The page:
10 Run Tackle Fold For Agholor +21
11 Pass Out Route To Ertz No Gain
12 Run Inside Zone Counter For Blount +1
13 Run Belly To Clement +1
14 Run G Lead For Blount +1 (TD)

Look how methodical of a drive it was! There were no tough throws for Nick Foles. The offensive line was never threatened. The run game was all over the place - in a good way - and kept the Falcons on their toes. This was a thing of beauty. Here are some breakdowns of the best plays.

The Eagles took a 6-3 lead after that touchdown drive, and it was the only time they’d need to reach the end zone for the rest of the day. They needed points wherever they could get them. Anytime you’re in a slugfest like the one they were in on Saturday, the smallest of plays can make a big difference in the final outcome. I’m going to show you some field goal drives that include plays that, at the time, may not have seemed all that significant. Keep in mind, however, that if any of these drives had stopped short, the Falcons would not have needed to score a touchdown at the end of the game because a field goal would have given them the lead.

In the second quarter, the Falcons regained the lead at 10-6. The defense held strong and got the ball with under a minute left and two timeouts. Two of their first two plays after getting the ball back helped set them up for success.

On the first play, Jason Kelce delivers a devastating block on a screen pass that helped spring Corey Clement for a nice gain. This pickup gave the Eagles confidence that they’d be able to get into field goal range. The screen game was huge for this team against Atlanta.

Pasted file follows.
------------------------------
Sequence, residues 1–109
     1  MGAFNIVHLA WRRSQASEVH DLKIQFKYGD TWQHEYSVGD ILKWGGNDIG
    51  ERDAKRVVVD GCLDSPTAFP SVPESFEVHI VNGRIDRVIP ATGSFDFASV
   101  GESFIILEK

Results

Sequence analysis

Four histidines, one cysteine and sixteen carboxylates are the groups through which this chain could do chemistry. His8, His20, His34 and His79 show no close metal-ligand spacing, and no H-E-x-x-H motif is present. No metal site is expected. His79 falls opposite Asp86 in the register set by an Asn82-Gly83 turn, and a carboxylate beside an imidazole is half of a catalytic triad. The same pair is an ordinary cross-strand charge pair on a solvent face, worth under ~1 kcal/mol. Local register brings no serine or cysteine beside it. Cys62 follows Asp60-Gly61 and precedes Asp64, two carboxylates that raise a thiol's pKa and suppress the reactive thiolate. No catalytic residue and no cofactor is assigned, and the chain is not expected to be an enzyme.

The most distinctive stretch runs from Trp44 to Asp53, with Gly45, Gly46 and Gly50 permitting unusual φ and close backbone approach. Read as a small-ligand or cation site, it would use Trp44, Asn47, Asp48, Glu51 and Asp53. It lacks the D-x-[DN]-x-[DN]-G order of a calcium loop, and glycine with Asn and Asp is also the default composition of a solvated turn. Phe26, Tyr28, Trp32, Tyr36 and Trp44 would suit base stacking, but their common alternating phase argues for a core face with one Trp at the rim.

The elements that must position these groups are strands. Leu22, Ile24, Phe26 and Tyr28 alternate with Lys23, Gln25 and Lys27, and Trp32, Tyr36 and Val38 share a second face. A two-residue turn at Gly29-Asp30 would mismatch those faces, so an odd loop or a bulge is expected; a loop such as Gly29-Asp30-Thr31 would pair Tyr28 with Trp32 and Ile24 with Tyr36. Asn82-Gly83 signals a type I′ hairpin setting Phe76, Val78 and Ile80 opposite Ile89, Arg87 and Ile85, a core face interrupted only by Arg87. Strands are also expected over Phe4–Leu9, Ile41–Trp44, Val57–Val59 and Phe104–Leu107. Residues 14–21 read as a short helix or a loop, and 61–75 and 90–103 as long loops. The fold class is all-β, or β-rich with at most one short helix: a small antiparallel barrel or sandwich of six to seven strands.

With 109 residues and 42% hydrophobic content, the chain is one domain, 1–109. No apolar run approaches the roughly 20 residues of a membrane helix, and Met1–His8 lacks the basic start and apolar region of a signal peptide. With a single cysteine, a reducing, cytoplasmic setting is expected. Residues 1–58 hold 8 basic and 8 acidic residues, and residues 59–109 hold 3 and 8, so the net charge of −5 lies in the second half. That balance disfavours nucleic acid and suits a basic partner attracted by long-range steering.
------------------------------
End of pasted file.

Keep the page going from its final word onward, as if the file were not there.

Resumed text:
Two plays later, they were helped by a large amount of luck. The play call was great. This is a design that I actually profiled last week in my preview of the Falcons. A good way to attack Atlanta’s Cover 3 scheme is to line up and attack in a 3x1 set and run the No. 3 receiver to the deep part of the opposite side of the field. This gets him matched up against the hook defender in underneath zone coverage. On this play, that receiver is Agholor, sprinting across the field in a matchup against linebacker De’Vondre Campbell.

The beauty of what the Eagles do is that they run a dig route behind Agholor with Zach Ertz, which means he’s running directly into the void previously occupied by Campbell. This is where Foles wants to go with the football. The pass sails on him, however, and it goes over Ertz’s head. Safety Keanu Neal tries to pick it off, but bounces off his knee up into the air and into the waiting arms of Torrey Smith for a 20-yard completion. The Eagles actually ran this play a couple of times last year for big pickups against the Falcons, and this one puts them in position to need just one more first down to set up a field goal.

To get in position for the field goal, the Eagles go back to a tried and true passing concept that has worked for them in the past in these scenarios, a three-level stretch. This is the exact play that the Eagles ran to Alshon Jeffery to set up Jake Elliott’s game-winning field goal against the New York Giants back in Week 3. Not only that, but it’s also the same play the Vikings ran on Sunday night to beat the New Orleans Saints!